It may be that the effect works well with the content–it can happen, and there are some artists who have a knack for it.

Then there are the rest…who get enamored with the power of the filter-slider magic on their computer and just go ass-over-tincups overboard, forgetting that the original photograph ought to have some redeeming value from the very start.

It’s kind of like those movies that lay on the special effects as thick as Tammy Faye’s makeup, but totally ignore any kind of serious plot or character development. They generally belly flop like a chubby Charlie.

Now, think of all those classic films in black and white with NO special effects that are timeless creations with power, emotion, and depth. (Try Casablanca, Citizen Kane, Vertigo, It’s a Wonderful Life, To Kill a Mockingbird, or Psycho, for some examples.)

Just something to think about…

A Color Subject in Monochrome!?

A puffed up peacock, strutting around to impress the female…you would think COLOR, most definitely, right?

Like this:

Peacock, Puttin' On the Ritz. Denver Zoo, Colorado, 2015
Peacock, Puttin’ On the Ritz. Denver Zoo, Colorado, 2015

But, check out the monochrome version–it is quite attractive as well (at least to my eyeball):

Peacock, Puttin' On the Ritz. Denver Zoo, Colorado, 2015
Peacock, Puttin’ On the Ritz. Denver Zoo, Colorado, 2015

The lesson: Even in cases where color seems like an obvious and extremely important compositional element, be willing to experiment. Maybe it will work. Maybe it won’t.

Billy, the Carpenter (Revisited)

I really like this portrait, so I keep revisiting it to see if another way of post-processing it might strike a chord with me.

Here is a new color version–probably a good candidate for “Likes” if I were to post it on Facebook due to the over-the-top slider madness I applied to it:

Carpenter Billy, HDR Version. Boulder, Colorado, 2015
Carpenter Billy, HDR Version. Boulder, Colorado, 2015

And a new, similarly over-the-top, black and white version:

Carpenter Billy, Grunge Version. Boulder, Colorado, 2015
Carpenter Billy, Grunge Version. Boulder, Colorado, 2015

Hmmm…still need to think about it.

New Year’s Pseudo-Resolutions

Fiery Sunrise, First Flatiron. Boulder, Colorado, 2014
Fiery Sunrise, First Flatiron. Boulder, Colorado, 2014

While I am here at the computer monitoring the backup of the last of this year’s images onto two separate portable hard drives, I thought I’d make a list of goals for the coming year.

My photo organization is OK but, hells bells, I have Lightroom 5.7 on my computer and I am not yet using it, so my method has been basically manual up to this point (using Windows Explorer).

Utterly shameful, I know.

Even worse, if you were to look over my shoulder at my Camera Raw-to-Photoshop work flow, you would almost certainly roll your eyes into the rear of your cranium. I do know how to use Photoshop layers but, once I am done with an image, it has been my bad habit to leave it as a flattened TIFF–I figured my post-processing skills  were changing so quickly (not true, as this year they mostly plateaued) that I could and should just rework the original RAW file if I wanted a better version.

Yep. Yet another shameful admission.

So here is what I plan to put into practice in 2015:

1) Use Lightroom. And really use it as it was intended, with smart collections, keywords, sorting, labeling, flagging, and so on. Furthermore, it has basically the same “Develop” module motor as Adobe Camera Raw but with a couple of useful extra tools I really like (the brush, for instance).

2) Keep my worked images as PSD files, with all the relevant layers, and only convert to other formats when ready to print or put on the web.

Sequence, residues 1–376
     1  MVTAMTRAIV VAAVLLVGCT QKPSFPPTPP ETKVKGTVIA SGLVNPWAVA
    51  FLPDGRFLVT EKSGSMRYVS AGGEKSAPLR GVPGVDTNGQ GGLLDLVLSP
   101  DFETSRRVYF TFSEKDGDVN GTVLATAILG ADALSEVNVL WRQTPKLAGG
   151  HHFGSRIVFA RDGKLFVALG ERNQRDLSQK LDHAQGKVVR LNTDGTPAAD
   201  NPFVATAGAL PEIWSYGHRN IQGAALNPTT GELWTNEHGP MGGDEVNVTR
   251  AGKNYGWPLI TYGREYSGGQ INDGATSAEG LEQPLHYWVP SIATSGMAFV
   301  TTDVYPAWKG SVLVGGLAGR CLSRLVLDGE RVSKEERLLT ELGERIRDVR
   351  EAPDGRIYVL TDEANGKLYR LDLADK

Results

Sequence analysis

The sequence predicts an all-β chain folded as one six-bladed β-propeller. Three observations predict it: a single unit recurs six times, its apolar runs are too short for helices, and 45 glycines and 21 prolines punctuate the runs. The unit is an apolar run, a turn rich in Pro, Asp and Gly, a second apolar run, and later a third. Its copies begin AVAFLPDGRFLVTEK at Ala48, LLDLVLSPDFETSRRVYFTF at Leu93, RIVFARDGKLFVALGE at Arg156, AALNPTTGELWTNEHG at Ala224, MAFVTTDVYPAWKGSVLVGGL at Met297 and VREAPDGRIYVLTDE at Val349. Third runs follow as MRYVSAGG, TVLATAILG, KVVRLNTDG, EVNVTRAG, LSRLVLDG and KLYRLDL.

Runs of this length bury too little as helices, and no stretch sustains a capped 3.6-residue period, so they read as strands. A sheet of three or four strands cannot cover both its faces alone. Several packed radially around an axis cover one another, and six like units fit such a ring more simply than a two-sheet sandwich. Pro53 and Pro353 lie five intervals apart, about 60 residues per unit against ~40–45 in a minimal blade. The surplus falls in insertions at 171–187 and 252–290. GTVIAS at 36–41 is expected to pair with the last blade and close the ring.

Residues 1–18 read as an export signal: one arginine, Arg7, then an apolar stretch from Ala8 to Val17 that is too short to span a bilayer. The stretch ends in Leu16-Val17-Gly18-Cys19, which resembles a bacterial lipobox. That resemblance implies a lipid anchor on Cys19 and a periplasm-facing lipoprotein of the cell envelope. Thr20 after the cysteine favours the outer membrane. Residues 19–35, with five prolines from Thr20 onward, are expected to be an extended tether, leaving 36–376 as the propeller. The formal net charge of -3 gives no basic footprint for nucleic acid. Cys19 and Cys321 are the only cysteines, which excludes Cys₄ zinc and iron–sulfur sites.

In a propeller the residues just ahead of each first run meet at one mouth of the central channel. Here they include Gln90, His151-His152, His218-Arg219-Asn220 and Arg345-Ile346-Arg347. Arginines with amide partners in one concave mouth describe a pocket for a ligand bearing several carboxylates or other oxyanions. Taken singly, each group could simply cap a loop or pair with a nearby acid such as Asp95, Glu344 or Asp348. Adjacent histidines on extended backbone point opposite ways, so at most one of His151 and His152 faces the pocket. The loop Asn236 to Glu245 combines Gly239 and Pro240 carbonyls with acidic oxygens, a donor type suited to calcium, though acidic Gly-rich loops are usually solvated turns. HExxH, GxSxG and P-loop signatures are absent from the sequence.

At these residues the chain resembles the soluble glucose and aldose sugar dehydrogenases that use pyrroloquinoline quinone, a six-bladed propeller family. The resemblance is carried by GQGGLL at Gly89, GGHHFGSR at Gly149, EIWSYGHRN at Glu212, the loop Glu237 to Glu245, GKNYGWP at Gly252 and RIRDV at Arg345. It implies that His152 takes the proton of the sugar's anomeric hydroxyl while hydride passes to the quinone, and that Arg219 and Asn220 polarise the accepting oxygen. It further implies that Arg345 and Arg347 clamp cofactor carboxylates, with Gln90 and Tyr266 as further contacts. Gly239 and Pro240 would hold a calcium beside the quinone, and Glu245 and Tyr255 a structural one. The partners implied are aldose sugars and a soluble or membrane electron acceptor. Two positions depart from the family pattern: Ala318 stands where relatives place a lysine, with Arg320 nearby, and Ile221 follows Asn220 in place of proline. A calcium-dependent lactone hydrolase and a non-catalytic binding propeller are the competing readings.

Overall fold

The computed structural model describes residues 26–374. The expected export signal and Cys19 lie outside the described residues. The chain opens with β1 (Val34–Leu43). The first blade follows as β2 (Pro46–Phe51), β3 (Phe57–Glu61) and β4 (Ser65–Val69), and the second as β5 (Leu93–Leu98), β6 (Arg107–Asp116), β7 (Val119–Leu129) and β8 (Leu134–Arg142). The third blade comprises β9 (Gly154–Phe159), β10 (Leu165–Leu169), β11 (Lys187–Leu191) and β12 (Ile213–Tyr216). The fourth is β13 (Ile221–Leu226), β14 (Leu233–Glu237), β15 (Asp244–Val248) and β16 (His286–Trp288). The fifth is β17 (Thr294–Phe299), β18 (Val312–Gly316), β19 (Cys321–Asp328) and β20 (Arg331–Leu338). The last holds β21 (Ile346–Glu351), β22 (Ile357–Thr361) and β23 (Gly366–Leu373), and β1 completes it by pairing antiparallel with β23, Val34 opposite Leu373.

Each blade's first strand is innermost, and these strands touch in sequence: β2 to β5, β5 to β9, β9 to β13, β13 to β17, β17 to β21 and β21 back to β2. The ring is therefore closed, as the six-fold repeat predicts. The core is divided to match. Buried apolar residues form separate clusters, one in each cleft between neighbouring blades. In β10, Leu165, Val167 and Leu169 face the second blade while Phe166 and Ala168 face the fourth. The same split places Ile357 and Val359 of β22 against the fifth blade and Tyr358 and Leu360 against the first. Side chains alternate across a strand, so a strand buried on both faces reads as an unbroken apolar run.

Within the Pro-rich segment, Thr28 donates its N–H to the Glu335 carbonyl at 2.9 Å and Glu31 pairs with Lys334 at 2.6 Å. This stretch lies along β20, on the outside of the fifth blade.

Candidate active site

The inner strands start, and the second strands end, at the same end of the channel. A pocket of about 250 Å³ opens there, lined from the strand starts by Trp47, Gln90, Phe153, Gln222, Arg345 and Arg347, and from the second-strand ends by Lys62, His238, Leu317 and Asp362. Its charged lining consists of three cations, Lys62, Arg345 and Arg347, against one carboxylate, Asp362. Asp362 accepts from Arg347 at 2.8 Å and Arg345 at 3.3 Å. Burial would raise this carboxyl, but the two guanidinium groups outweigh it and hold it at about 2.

3) Really use the layers in Photoshop–including, for example, more sophisticated ways of controlling local brightness and contrast using channel selections and the various blending modes.

4) Really be selective about what I consider to be images worth working and keeping (the “flagged” files in Lightroom). I am a lot more experienced now in judging what constitutes a decent image, so it’s time to get with the program and cut the wheat from the chaff much more aggressively.

5) Create images with more of an eye for how they might fit into a specific project or portfolio.

I think that is plenty to munch on for now. For #1 and #3, I am already working my way through some pretty good videos that are starting to torque my little gray cells uncomfortably–meaning the learning curve should start back uphill again after almost a year cruising along the Colorado “Plateau”.

Happy New Year, everyone!

P.S. As a farewell to 2014, check out these 29 images from NASA: the Best of 2014. They are absolutely spectacular and might very well provoke within your heart some philosophical meanderings as to the meaning of it all…ah, the eternal question.

Reattack the Post-Processing

I don’t know about you, but I find it revealing to come back to an image I have previously post-processed to see if it can be improved. It usually can. Sometimes, I even wonder, “What was I thinking!”, when I look back at these photographs. Other times, the changes required to improve it might be more subtle.

Here, for example, is a picture as I originally post-processed it. My own eye, supported by feedback from others, said the fore to mid-ground lacked depth and interest–half of the image was too flat despite the obvious interest in the upper part of the photo.

Fall Sunset, Chicago Basin, #1. Needle Mountains, Colorado, 2014 (First post-processing attempt.)
Fall Sunset, Chicago Basin, #1. Needle Mountains, Colorado, 2014 (First post-processing attempt.)

Now, compare the above image with the one below. Can you see the difference? In this version, I tried to bring out more depth by improving the color in the mid-ground bushes, selectively brightening up the foreground, and working with selective clarity/detail in the trees.

I will surely continue to revisit the image in the future as my post-processing skills evolve. I would guess that we all have a huge library of old images that could be reworked to a much higher standard–perhaps a good activity for a cold, rainy or snowy winter day.

Fall Sunset, Chicago Basin, #1. Needle Mountains, Colorado, 2014 (Third post-processing attempt.)
Fall Sunset, Chicago Basin, #1. Needle Mountains, Colorado, 2014 (Third post-processing attempt.)

3D Manipulation of Objects

Street Abstract. Barcelona, 2014
Street Abstract. Barcelona, 2014

Yep, it is coming vewwy, vewwy soon!

Imagine being able to select an object in your photograph, then lift it up, turn it any which way, and set it down wherever you want within the image. All the while, the object retains its texture, color and characteristics, and the lighting and shadows adjust as they should.

This could open up a whole new world of creative possibilities. (Not that we don’t already have a near-infinite universe of possibilities with our current version of Photoshop, but still.) In the above image, for example, maybe I could pick up one of those giant balls and stick it in the middle of the road!

Here is an interesting video (4:51) that will show you where we are with this idea of 3D manipulation. No need to fully understand some of the techno-geek terms she uses to get the point.